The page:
Three Ring – 4-H and Utopia Fair is Coming to Town

by Pat Moynahan on May 9, 2017

Related imageNo need to lament the closing of the Ringling Brothers circus this month. The Boone County 4-H and Utopia Fair is coming Aug. 7-12 with a daily three-ring spectacle of its own.

“We’ve got a horse show every night, a motor sports event every night and a carnival every night,” said Sandra Cupps, a member of the fair board.

Cupps presented a rundown on plans for the 85th edition of the Boone County fair at the Florence Rotary Club meeting on May 1. She said the fair continues to prosper because of the lineup of events, community support in the form of booths, and participation of 4-H Club members and volunteers.

Truck and tractor pulls are coming back this year in response to popular demand. The purse for the demolition derby on the final Saturday has jumped to $2,000 and the fender-banging will feature three entries from the Boone County sheriff’s office and three from local firefighters. And, the daily horse shows likely will draw championship-quality competition.

“People from all over the country will be coming to Boone County to get ready for the World’s Championship Horse Show in Louisville the following week,” Cupps said.

More than 80 booths will be set up on the grounds by local organizations this year, according to Cupps, and the fair board will sponsor a kitchen offering everything from peanut butter to fish sandwiches. The fair board also will give out $42,000 in premium checks to winners of the various agricultural and livestock competitions.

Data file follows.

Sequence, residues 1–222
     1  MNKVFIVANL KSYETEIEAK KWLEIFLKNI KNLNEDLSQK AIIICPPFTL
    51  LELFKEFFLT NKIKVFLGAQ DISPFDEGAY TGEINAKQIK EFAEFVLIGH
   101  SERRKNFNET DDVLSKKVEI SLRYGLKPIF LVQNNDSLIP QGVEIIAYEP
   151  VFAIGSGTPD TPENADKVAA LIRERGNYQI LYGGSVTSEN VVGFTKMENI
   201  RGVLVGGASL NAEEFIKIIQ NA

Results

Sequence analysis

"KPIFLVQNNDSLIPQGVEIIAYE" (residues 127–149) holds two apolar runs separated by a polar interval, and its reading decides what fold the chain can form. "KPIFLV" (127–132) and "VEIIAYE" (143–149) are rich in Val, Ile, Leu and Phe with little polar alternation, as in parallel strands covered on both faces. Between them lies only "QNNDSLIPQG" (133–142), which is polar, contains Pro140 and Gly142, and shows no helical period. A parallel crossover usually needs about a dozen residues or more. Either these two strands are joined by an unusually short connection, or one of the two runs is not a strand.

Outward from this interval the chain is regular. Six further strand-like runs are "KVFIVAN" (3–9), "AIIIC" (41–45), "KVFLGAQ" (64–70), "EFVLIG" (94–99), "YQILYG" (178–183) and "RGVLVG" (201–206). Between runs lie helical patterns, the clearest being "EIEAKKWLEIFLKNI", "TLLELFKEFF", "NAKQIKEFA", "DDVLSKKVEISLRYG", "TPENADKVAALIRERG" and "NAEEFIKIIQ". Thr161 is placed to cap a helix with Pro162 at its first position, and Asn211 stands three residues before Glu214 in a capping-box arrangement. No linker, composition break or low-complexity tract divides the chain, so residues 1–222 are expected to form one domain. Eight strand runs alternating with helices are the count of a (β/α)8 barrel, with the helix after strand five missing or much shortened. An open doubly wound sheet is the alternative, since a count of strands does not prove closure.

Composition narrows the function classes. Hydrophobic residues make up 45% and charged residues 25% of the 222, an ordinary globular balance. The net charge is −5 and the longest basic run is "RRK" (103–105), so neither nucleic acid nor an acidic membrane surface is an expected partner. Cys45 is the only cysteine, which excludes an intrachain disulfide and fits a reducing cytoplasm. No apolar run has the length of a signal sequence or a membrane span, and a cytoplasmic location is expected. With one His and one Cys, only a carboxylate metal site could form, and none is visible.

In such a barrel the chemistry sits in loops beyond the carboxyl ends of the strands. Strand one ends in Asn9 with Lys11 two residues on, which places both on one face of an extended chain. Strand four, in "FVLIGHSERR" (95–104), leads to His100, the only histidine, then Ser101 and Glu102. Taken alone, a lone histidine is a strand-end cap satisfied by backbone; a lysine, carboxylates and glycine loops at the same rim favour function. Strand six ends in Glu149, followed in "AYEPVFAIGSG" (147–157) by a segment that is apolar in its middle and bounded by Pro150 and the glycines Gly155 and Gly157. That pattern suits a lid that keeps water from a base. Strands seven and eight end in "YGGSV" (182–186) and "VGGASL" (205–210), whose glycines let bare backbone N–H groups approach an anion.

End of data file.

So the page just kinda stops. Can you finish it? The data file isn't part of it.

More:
The fair began in 1932 in connection with the University of Kentucky Extension Service program. More than 7,000 area young people are involved in 4-H, and the fair gives them an opportunity to display their handiwork, produce or livestock, Cupps noted.

One of the highlights of the fair is the sale of championships, an auction of the winners of the agricultural exhibits and livestock shows.

“We have the kinds of activities that are family friendly,” Cupps said, “the kinds of activities that you can bring your children and your grandchildren to … for just $10.”

The fair board is “open to doing different things,” she added. For example, the fair staged a Pokemon game last year and plans a LEGO competition this year.

However, the 4-H activities continue to be the biggest draw. The fair board expects more than 1,800 contest entries this year. That’s the story Cupps tells “people all over the state who call to ask how we keep people coming,” she noted.

“4-H is still the backbone of the fair,” Cupps said. “It makes the fair what it is.”